Chateau Montelena Estate Cabernet Sauvignon 2000
Cabernet Sauvignon from Calistoga, Napa Valley, California
This wine has a deep, dark color revealing its concentration and extract. Its room-filling fragrance is the pure essence of Cabernet, with ripe cassis and black cherry fruit and the signature earthiness of The Montelena Estate's complex soils. On the palate the wine is full and warm with ripe fruit flavors and layer upon layer of complexity. A velvety-soft texture is framed by a stylish tannic grip, ensuring drinking pleasure now and for many years to come.
Wine Spectator - "Notably ripe, plush and fleshy for the vintage, exhibiting ripe blackberry and plum flavors that are concentrated and well-focused, finishing with a nice burst of fruit flavors, with modest tannins."
The Wine Advocate - "The dense purple-colored 2000 Cabernet Sauvignon Estate (97% Cabernet Sauvignon and 3% Cabernet Franc) reveals a sweet perfume of black currants, an expansive, full-bodied palate, surprising elegance as well as accessibility, excellent purity, and a long, layered finish. It is a successful 2000 Cabernet to drink now and over the next 12-15 years. "
Vinous / Antonio Galloni - "Red-ruby. Claret-like aromas of black cherry, plum, currant, cocoa powder, loam, smoke and spice. Rich, dense and supple, with depth of flavor for the year and very good vinosity. Rather showy wine, with the characteristic medicinal-but-sweet flavors of Montelena. Tannins spread out nicely on the lingering finish."
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Chateau Montelena Winery
Chateau Montelena was founded in 1882 by Alfred Tubbs. The renaissance of the winery, under the leadership of James Barrett, began in 1972 with the replanting of the Estate vineyard and the establishment of the Chateau Montelena philosophy: make the best, period. Today the tradition continues. Jim Barrett’s son, Bo, winemaker at Chateau Montelena beginning in 1982, is now its Master Winemaker. After more than three decades of experience with the same vineyards and varieties, the Montelena Estate Cabernet Sauvignon and Napa Valley Chardonnay are recognized as world-class. View all Chateau Montelena Wines
About Napa ValleyView a map of Napa Valley wineries
It's hard not to think of Napa Valley when thinking of California wines. The region is, after all, the one that brought world recognition to California wine making. The area was settled by a few choice wine families in the 1960's who bet that the wines of the area would grow and flourish. They were right. The Napa wine industry really took off in the 1980's, when vineyard lands were scooped up and vines were planted throughout the county. A number of wineries emerged, from large conglomerates to small boutiques to cult classics. Cabernet Sauvignon is definitely the grape of choice here, with many winemakers also focusing on Bordeaux Blends. Whites are usually Chardonnay and Sauvignon Blanc.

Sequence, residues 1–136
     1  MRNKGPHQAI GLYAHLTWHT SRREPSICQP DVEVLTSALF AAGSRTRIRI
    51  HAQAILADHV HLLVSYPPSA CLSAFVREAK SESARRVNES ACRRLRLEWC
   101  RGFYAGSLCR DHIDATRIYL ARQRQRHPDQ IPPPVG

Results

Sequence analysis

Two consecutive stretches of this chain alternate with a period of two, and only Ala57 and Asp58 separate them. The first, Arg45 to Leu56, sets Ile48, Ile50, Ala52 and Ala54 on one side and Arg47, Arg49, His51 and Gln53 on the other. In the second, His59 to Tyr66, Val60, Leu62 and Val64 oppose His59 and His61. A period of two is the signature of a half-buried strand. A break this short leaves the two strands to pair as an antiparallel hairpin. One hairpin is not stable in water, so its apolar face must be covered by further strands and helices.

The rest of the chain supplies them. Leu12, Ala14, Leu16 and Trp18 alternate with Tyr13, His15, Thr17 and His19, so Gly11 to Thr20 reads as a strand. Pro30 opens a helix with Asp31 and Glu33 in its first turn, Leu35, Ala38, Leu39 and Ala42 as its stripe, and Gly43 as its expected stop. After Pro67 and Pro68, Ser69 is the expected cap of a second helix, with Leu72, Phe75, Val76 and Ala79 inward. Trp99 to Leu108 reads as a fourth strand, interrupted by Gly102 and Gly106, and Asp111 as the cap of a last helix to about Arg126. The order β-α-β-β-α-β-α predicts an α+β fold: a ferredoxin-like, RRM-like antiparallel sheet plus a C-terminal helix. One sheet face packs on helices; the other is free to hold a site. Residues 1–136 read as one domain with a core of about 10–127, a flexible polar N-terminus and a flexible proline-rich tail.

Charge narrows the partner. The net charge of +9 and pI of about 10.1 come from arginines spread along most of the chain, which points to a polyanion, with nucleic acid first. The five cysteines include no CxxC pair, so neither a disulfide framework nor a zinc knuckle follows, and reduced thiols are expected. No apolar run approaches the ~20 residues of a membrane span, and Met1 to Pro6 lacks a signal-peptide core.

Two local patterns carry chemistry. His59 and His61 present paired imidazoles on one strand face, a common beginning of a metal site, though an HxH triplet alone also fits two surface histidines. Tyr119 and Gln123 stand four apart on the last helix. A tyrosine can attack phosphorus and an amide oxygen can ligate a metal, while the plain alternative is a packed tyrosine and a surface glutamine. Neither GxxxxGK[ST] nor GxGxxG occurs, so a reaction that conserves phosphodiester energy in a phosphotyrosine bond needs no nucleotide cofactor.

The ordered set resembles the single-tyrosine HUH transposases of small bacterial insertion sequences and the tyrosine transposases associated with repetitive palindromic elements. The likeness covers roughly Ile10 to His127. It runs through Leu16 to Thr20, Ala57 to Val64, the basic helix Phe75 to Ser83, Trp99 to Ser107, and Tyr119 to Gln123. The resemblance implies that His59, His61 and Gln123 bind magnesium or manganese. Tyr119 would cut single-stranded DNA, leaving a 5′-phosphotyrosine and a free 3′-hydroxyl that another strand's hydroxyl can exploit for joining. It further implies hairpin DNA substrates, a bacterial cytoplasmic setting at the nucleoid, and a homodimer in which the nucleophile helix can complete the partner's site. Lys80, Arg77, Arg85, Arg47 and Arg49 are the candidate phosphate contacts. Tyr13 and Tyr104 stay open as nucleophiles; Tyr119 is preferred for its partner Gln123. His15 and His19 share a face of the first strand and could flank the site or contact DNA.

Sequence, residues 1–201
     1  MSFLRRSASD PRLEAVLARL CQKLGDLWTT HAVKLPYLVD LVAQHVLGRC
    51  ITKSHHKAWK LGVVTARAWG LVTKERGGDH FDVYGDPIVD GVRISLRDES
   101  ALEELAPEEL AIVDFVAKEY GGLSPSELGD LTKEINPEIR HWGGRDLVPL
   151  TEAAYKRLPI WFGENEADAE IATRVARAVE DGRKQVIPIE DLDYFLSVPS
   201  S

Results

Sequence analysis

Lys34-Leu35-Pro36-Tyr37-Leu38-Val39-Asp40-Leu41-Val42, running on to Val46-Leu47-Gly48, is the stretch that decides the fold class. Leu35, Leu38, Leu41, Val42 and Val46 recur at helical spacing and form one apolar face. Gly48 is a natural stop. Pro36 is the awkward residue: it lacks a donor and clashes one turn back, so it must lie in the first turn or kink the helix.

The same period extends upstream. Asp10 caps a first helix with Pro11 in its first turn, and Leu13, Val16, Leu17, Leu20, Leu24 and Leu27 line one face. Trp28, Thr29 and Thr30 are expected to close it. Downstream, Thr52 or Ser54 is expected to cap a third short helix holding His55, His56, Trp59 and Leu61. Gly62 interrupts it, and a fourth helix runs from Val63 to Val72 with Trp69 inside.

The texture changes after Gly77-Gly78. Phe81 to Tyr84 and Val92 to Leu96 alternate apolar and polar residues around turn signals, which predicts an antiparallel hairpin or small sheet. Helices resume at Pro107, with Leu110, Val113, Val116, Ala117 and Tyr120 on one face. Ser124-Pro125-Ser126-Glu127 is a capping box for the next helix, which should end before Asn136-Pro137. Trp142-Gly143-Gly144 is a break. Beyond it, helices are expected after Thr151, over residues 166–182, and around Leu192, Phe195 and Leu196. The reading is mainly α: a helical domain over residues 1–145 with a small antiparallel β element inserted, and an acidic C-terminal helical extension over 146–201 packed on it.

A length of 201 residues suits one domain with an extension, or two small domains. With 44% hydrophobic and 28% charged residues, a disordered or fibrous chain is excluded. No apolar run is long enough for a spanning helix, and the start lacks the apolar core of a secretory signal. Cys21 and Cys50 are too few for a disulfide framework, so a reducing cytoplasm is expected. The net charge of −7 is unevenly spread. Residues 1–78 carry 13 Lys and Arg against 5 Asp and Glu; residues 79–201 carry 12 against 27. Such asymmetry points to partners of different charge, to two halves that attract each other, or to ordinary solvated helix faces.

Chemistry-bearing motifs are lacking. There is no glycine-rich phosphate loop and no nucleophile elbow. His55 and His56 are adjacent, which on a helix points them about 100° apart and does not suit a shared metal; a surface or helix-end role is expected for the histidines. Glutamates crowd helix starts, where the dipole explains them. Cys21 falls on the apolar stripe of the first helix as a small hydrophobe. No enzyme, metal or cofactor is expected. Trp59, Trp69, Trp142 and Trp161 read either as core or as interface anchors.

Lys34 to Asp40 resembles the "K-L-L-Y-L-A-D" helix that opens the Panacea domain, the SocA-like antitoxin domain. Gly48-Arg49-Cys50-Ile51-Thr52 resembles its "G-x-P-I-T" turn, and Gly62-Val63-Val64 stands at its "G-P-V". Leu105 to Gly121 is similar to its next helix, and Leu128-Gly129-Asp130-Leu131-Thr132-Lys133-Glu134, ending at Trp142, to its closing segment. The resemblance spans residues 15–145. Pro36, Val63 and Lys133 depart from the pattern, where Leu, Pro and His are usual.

Notable FactsWithin the Napa Valley lie smaller sub-AVAs that lend even more character specifics to the wines. Furthest south is Carneros, followed by Yountville, Oakville & Rutherford. Above those two is St.-Helena and finally, just granted an AVA, Calistoga. These areas are situated on the valley floor and are known for creating rich, smooth Cabernet Sauvignon, Merlot and Chardonnay. There are a few mountain regions as well, nestled on the slopes overlooking the valley AVAs. Those include Howell Mountain, Stags Leap and Mount Veeder. Wines from the mountain regions are often more structured and firm, benefiting from more time in the bottle to evolve and soften.
About CaliforniaIt's not rare to see a wine's country of origin listed as "California." A country unto itself in the wine world, California makes enough varieties and styles to match many European wine countries. It produces a diverse range of wines that span the quality spectrum.
The most famous of the California wine regions is Napa Valley, and these wines are certainly outstanding – but it's not as broad and diverse as its larger neighbor, Sonoma County. Down south, Santa Barbara's Santa Maria Valley is well-known for its Rhône blends, as well as cool-climate varieties like Pinot and Chardonnay. The Central Coast, the largest California AVA, has many different microclimates that lead to a wide range of wines with many sub-AVAs.
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